Here’s the Code for access to Meet-Meme.com: c940273d  Have fun!

Share Places, Events and Photos With Schmaps

Schmaps example

Schmaps and Schnaps

How would you like a very easy way to alert bunches of people when your group or business is having an event? And, even better, tell them exactly where it is with a map and photos if you like.  I’m trying out a new Twitter/Facebook application called Schmaps, and have just added some local addresses as my first foray into the Schmaps and Schnaps world.

As you probably have surmised, the concept behind Schmaps (maps)  and Schnaps (snapshots) is to connect a location to a map, and add an address to the location if you have one.  You can use one of your Flickr photos, or upload one from your computer.  (I would caution you to use only your own photos, but I admit the one I used for the map above I “nabbed” from their website.) :)  Even if you don’t have an address for a location like a business, Schmaps has a good search engine that many times will find it and add it to your map.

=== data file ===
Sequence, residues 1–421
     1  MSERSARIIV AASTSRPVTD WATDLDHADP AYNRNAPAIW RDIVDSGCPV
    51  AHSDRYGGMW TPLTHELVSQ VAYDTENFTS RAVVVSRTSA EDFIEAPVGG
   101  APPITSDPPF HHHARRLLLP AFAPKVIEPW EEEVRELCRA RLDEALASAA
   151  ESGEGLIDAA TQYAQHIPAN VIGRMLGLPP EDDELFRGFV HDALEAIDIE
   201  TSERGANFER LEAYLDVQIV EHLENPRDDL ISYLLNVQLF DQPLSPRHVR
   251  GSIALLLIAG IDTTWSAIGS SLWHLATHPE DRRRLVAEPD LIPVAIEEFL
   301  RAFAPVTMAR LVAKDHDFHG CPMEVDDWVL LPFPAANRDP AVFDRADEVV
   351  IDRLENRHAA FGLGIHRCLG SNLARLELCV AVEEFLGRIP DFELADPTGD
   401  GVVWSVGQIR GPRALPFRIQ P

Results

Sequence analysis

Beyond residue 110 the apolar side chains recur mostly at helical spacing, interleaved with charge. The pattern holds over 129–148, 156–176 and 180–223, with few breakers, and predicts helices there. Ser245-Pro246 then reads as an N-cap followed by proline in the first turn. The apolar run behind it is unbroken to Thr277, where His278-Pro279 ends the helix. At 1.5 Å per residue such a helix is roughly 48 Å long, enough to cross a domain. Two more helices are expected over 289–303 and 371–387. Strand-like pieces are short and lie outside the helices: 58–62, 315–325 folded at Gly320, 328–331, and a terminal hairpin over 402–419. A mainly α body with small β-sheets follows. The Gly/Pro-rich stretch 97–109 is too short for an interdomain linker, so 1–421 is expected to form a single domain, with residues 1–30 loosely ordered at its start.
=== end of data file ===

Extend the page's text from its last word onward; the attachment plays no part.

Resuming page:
Several of my genealogy friends spend a lot of time on the road giving presentations and attending  jamborees, expositions and seminars.  As an early adopter of the application I was able to upgrade to the $60/mo Pro version for 6 months. It looks like they have over 800 free Pro accounts yet to give away if you’re interested in trying out the application.

Schmaps keeps a list of my uploads and allows me to retweet them if I choose to do so.  I can also choose to put the tweets on a schedule if I like.  Clicking one button also allows me to connect Facebook with Schmaps to further spread the word about a location or event.

I would really like to see the genealogy community at large adopt this application and use it for promotion and updates about events at geographical locations.  Genealogical societies, are you taking note?

If you absolutely love a business, why not give them a little boost in advertising like I did, and put them on the map with Schmaps?